My Grace

suns-book-burning-xciivDon’t really know what this is. It just fell out of my head. Been reading too much Roald Dahl.

There was a noise outside, a scuffling, scratching sound occasionally interrupted by the shouts of women and the hollow thundering of the dustbins rattling their way down the street. We stopped what we were doing, and looked at each other. Maybe we should step up to the window and look, I thought to myself.

There were four of us, sat around the table; myself, my brother, Mr. Parsons, and you. I remember watching you, seeing how slowly you put down your cards, face up (three jacks, you had. Although little more worth mentioning) and walk through the kitchen to the curtains that swung solemnly above the filthy sink. Your dress was new, I found out later. I hadn’t noticed. You pressed your face up against the window frame, and squinted through the grime, your eyes following the trail of litter and burning paper that fluttered past.

Within a couple of seconds of peering, you rushed outside, leaving the door banging on its hinges and smoke billowed into the room, ruining poker faces and aggravating Mr. Parson’s dry cough. The rest of us continued to stare into each other’s inertia, until we heard your voice shouting above the clattering clamour of breaking glass and brick smashing against concrete. The smoke continued to billow through the splinters in the window, and Mr. Parsons was practically bent double with his hacking and gasping, so I pulled the curtains tight and tucked them into the gap behind the radiator. We all heard the thudding of the radios being thrown against the front door, but after a while we managed to ignore it.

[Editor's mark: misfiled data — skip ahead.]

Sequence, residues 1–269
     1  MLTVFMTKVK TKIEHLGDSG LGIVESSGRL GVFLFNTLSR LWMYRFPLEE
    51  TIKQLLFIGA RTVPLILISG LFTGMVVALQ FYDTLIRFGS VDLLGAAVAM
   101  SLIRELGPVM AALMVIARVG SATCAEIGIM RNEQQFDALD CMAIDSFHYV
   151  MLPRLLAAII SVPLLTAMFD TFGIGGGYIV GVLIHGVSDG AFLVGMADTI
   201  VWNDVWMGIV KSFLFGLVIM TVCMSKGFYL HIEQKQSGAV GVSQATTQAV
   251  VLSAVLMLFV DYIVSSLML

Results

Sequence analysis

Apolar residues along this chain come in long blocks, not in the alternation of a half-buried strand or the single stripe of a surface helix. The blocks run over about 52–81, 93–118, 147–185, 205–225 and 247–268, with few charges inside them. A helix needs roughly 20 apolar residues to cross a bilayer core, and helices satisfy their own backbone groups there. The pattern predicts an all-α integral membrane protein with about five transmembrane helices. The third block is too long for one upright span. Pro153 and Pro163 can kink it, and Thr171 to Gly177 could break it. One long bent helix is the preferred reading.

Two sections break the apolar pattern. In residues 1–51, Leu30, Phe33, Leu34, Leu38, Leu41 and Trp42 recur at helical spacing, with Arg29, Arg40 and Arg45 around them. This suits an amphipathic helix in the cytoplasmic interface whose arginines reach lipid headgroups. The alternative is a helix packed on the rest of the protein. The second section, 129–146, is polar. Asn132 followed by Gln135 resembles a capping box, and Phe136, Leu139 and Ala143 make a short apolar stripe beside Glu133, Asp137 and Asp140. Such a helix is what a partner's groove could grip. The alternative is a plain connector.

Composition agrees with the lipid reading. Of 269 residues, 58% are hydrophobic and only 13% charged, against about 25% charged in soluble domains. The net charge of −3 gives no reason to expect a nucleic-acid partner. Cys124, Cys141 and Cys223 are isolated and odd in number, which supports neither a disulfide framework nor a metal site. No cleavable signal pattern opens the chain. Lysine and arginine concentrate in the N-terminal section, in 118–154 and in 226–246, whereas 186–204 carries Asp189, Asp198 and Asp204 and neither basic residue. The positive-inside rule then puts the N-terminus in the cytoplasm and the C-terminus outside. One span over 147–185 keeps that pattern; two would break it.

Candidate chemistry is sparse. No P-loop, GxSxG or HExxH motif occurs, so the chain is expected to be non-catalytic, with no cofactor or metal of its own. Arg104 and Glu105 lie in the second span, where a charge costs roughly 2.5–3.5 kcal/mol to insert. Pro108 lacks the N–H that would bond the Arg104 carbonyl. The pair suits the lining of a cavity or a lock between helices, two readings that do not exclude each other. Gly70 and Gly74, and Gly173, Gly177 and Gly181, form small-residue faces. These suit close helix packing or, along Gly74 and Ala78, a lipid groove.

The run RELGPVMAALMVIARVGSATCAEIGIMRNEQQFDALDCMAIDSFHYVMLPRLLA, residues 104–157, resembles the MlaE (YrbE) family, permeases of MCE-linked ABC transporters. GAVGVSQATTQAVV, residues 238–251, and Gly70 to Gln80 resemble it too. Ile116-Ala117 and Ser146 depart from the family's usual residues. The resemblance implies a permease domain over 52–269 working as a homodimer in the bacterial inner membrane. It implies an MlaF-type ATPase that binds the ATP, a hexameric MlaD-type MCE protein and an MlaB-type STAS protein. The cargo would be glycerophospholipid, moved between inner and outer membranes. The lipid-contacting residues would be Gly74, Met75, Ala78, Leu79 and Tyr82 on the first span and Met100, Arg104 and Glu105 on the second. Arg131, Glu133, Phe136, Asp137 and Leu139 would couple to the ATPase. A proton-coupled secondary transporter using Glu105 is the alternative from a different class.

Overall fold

The chanting of the women stopped after eighteen hours.

It was all over a book somebody had written, they said later, as they picked the shards of Tupperware and glass out of the rubble. The news barely mentioned it, though (a few reports on page four the following day, but after that, nothing at all). All this death, all this noise over a book. Mr. Parsons still hasn’t fully caught his breath, and they found small pieces of the vicar strewn across the entire cul-de-sac. It took them almost a week to identify him. The book got banned, of course. I don’t think any men actually read it, anyway.

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About Benjamin Norris

Published writer of short stories, long stories, poems. Well received art critic and cultural commentator for Berlin magazines. Collaborator with operatic societies. Co-writer of fictional historic psycholinguistic journals. Lecturer of architecture and art history at a Budapest University. View all posts by Benjamin Norris

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